This is only notable on the grounds that said neighbor was one of my former co-workers at Microsoft. He was deeply cynical, increasingly openly bitter about the job, and before the reorg trying to overthrow management via open mutiny. And then I discovered I lived across the hall from him; he's an interesting man to talk to, take deeply hateful and cynical advice from, then observe from a safe distance, but I was never totally comfortable living next to him. So be it; it became kind of a running gag, especially after the remarkably passive-aggressive note left clipped by his door one morning, made more entertaining by my knowing that the gentleman I worked with was both Canadian and entirely likely to have earned every accusation.
Still, it's a somber thing. He was loading his boxes into a co-worker's truck, and everything that didn't fit, he threw away. Here lies a man's life, in a dumpster: an old table, chairs that got taken away by some unknown new owner between yesterday and today, a lamp, a Bose audio calibration DVD, a tour guide book to Minnesota, a bed. None of this was especially good stuff, but I have the feeling he dumped it not just because it was more expensive to take it than to replace it, but because he wanted to leave, and leave Microsoft behind him. Stuff I recognized from his office was in that dumpster, in a box labeled "CORPORATE MOVING SYSTEMS", the company Microsoft uses to pack out your office and send you the contents if they boot you out of it.
Not that I know for sure that's what happened. A lot of MSFTies have CMS boxes sitting around because they use the same company for office moves, a rather frequent event. It's just that office moves ordinarily use reusable plastic bins, and only use cardboard boxes if one person is moving instead of an entire department, so the most common reason people have those boxes at home is because they left their office for good on very short notice.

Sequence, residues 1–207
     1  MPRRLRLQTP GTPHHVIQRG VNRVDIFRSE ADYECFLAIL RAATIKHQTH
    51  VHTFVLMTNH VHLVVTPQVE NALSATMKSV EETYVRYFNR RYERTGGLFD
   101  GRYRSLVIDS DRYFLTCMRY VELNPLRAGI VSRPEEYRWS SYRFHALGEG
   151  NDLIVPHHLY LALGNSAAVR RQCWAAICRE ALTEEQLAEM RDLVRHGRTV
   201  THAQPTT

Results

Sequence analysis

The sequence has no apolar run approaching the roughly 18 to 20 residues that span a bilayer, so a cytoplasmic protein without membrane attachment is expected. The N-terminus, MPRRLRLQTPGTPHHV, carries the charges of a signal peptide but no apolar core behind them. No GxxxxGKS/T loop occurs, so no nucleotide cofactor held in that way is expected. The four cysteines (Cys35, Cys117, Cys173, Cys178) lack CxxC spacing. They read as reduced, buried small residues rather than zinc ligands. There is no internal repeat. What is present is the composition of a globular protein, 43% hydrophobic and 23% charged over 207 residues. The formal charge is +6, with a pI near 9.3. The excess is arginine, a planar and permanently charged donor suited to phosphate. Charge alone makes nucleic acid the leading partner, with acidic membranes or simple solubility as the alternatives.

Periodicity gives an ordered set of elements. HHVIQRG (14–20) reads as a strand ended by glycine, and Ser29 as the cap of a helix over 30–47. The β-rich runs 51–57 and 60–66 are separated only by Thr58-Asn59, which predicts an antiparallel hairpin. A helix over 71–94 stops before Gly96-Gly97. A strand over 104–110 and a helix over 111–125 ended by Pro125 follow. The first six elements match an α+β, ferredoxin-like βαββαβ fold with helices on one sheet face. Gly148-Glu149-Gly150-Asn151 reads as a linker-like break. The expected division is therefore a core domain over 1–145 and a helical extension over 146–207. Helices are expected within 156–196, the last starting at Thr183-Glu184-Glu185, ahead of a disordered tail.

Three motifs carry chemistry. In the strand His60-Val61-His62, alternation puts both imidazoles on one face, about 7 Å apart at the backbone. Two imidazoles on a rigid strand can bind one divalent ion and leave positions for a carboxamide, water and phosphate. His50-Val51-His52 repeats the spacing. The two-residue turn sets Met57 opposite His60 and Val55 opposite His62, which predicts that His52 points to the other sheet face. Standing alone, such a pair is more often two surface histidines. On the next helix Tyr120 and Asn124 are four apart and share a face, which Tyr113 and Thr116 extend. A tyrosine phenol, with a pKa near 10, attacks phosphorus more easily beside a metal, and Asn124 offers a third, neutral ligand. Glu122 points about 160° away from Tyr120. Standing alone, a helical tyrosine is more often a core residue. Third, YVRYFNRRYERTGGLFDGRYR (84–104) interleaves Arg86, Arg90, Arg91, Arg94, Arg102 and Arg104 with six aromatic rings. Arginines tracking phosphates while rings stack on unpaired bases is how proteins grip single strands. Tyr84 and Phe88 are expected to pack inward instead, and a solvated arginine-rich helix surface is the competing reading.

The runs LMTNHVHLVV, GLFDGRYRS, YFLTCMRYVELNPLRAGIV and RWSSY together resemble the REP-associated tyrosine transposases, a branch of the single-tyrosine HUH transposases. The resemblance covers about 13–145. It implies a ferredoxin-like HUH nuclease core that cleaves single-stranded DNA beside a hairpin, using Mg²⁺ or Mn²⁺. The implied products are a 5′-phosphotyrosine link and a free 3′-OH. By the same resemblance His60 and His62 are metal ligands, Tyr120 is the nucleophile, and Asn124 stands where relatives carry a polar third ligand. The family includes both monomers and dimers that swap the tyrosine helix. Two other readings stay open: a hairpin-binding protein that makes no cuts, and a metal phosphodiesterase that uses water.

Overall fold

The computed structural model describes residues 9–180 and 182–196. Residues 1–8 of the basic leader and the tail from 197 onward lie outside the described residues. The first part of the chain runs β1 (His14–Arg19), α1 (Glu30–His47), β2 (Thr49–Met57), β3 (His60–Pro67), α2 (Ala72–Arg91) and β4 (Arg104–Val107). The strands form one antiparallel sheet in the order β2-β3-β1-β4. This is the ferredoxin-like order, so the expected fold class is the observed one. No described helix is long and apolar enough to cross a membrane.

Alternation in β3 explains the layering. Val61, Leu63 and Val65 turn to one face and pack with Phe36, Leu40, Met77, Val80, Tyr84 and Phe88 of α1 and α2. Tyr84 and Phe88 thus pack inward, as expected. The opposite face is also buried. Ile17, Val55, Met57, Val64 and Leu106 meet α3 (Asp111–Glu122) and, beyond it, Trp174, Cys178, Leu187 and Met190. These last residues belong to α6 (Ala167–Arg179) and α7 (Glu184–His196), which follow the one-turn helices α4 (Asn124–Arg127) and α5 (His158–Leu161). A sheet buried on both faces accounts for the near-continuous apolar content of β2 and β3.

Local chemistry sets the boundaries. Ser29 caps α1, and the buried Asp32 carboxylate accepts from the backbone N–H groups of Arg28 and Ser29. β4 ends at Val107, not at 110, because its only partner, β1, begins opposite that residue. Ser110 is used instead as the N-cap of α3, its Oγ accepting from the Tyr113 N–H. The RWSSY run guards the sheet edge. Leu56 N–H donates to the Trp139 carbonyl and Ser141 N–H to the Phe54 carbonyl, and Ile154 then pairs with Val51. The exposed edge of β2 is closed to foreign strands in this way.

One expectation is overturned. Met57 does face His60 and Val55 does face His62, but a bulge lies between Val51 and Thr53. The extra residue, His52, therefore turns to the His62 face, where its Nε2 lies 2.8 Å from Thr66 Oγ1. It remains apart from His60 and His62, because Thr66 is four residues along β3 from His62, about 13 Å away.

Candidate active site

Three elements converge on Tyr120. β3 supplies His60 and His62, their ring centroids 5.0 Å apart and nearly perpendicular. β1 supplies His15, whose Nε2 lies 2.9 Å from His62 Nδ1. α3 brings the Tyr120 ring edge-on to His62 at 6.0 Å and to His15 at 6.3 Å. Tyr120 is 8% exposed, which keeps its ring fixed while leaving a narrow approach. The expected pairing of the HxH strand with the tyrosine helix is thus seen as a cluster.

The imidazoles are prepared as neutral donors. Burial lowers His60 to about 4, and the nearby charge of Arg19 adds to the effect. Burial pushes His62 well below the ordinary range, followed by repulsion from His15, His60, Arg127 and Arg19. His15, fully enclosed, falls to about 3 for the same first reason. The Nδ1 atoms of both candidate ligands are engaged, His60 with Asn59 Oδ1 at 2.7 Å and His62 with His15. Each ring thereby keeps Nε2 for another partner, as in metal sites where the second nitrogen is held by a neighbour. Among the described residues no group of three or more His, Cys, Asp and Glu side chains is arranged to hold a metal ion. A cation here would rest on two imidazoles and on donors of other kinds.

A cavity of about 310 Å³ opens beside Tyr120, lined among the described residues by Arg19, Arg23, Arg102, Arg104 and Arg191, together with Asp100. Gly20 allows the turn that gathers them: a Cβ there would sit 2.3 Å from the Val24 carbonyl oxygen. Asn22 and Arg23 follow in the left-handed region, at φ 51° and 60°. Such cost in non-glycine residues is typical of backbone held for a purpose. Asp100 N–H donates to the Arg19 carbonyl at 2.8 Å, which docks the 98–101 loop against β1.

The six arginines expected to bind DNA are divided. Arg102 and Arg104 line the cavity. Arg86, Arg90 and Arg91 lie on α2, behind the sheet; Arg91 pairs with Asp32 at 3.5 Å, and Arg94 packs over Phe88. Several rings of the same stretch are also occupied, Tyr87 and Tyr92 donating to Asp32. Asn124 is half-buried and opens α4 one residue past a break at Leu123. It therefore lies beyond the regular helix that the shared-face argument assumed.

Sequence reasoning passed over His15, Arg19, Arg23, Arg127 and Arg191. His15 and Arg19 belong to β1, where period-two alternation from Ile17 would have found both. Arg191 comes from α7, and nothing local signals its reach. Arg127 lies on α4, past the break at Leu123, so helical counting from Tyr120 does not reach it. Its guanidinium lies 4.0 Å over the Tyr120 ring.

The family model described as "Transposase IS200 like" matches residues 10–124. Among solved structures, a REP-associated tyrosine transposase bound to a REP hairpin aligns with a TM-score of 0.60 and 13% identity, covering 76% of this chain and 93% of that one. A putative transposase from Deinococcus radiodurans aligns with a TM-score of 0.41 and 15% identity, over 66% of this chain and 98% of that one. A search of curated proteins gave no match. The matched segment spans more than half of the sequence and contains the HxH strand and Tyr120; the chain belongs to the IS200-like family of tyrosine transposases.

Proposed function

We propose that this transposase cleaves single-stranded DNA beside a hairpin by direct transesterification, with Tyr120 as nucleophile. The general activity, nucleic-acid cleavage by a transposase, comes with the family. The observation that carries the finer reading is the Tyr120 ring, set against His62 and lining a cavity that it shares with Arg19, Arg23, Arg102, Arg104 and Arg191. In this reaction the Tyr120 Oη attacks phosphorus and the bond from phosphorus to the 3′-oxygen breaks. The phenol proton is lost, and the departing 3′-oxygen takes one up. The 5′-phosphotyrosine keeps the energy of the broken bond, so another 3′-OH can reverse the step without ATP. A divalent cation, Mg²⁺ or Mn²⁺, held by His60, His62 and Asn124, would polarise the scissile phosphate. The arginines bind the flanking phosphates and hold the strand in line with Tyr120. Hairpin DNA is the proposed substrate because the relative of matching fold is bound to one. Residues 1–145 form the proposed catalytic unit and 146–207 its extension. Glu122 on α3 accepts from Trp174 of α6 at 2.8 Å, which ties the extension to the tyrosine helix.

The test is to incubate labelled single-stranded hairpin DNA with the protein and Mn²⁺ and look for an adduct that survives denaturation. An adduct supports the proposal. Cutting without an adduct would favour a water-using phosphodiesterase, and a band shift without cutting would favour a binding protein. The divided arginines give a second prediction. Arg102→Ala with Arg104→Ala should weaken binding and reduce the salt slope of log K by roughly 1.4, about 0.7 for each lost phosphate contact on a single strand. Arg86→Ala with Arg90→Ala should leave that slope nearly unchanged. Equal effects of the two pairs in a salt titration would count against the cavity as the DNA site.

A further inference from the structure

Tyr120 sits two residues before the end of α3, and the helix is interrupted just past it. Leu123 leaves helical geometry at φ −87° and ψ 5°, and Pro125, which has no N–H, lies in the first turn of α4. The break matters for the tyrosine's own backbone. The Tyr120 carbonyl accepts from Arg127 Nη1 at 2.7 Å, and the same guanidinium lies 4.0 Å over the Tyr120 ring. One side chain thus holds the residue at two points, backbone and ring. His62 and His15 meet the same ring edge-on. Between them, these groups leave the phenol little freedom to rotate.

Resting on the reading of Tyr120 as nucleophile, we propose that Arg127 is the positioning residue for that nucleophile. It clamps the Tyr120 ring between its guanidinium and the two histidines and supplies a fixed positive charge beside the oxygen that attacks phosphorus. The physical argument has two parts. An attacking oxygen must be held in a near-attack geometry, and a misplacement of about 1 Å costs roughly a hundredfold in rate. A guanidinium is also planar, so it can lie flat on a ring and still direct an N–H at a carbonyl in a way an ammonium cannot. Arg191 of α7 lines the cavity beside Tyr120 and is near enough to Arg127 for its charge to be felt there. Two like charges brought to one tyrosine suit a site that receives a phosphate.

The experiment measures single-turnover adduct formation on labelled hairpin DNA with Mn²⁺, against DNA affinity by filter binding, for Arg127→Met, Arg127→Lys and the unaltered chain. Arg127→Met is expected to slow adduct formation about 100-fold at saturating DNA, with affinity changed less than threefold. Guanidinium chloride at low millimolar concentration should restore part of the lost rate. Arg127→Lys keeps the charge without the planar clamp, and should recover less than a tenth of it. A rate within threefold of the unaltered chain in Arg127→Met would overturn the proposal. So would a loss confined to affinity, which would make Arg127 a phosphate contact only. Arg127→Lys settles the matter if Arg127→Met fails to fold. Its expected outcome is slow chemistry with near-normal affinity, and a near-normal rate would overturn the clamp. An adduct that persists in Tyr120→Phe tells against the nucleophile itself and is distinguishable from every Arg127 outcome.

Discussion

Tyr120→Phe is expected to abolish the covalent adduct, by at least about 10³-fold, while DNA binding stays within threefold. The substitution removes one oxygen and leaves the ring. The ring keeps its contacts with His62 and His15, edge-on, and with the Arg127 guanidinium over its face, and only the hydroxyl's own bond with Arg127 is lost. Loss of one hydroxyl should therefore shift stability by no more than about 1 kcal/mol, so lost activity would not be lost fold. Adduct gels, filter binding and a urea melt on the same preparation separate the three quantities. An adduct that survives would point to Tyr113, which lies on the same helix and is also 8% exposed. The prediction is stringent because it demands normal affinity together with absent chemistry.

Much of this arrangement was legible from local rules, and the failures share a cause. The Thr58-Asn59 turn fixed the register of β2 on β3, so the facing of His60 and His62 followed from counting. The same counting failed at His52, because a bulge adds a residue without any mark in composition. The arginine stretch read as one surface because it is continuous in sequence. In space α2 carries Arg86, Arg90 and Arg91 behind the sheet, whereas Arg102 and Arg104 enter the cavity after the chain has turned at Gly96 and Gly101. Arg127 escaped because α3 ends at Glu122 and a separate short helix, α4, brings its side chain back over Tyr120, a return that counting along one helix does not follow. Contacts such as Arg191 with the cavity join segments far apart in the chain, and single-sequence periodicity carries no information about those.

I had two weeks to pack out my office. At the same time I left, CMS boxes were flattened or ripped up in the majority of recycling bins in my apartment complex.
I talked them, he and the man helping him pack and move (one of my friends within Microsoft, actually). I didn't ask for details, as it wasn't my place. But I think there's been a lot of turnover since I left, even more than management planned on. And, from what I could tell, not everybody has been so lucky in finding new employment. They were genuinely happy for me that I had a new job I am content in- if not tainted with more than a little regret of their own.
I think this highlighted to me both how screwed I was and how not-screwed I was. I knew this man well. If he could not keep his job, there was absolutely no way I could have kept mine. But, with his higher job title, long experience, and more impressive resume, he seems not to have gotten a new one, yet. I have no idea how long he's been looking, though, although it's obvious he's left Microsoft. I can only wonder if he's going back to Canada, or if he has another job somewhere else. And I wonder how he left- the preponderance of CMS boxes suggested that he was not allowed to quit, or if he did, it was required to be same-day.
There's nothing left to do but to wish him the best, and wonder who my next neighbor will be. And wonder what will happen to the Windows Tools Test Team, since it is clearly disintegrating. I know my apprehensions might never be allayed, and so I close, knowing that the ending has not yet been written.
Happy trails, sir, and I wish you best of luck. May not-Microsoft bring you more peace and sanity than Microsoft ever did.
I've migrated to DreamWidth. The original post is at http://kistaro.dreamwidth.org/469524.html. View comments at http://kistaro.dreamwidth.org/469524.html#comments; go ahead and use OpenID to post your own.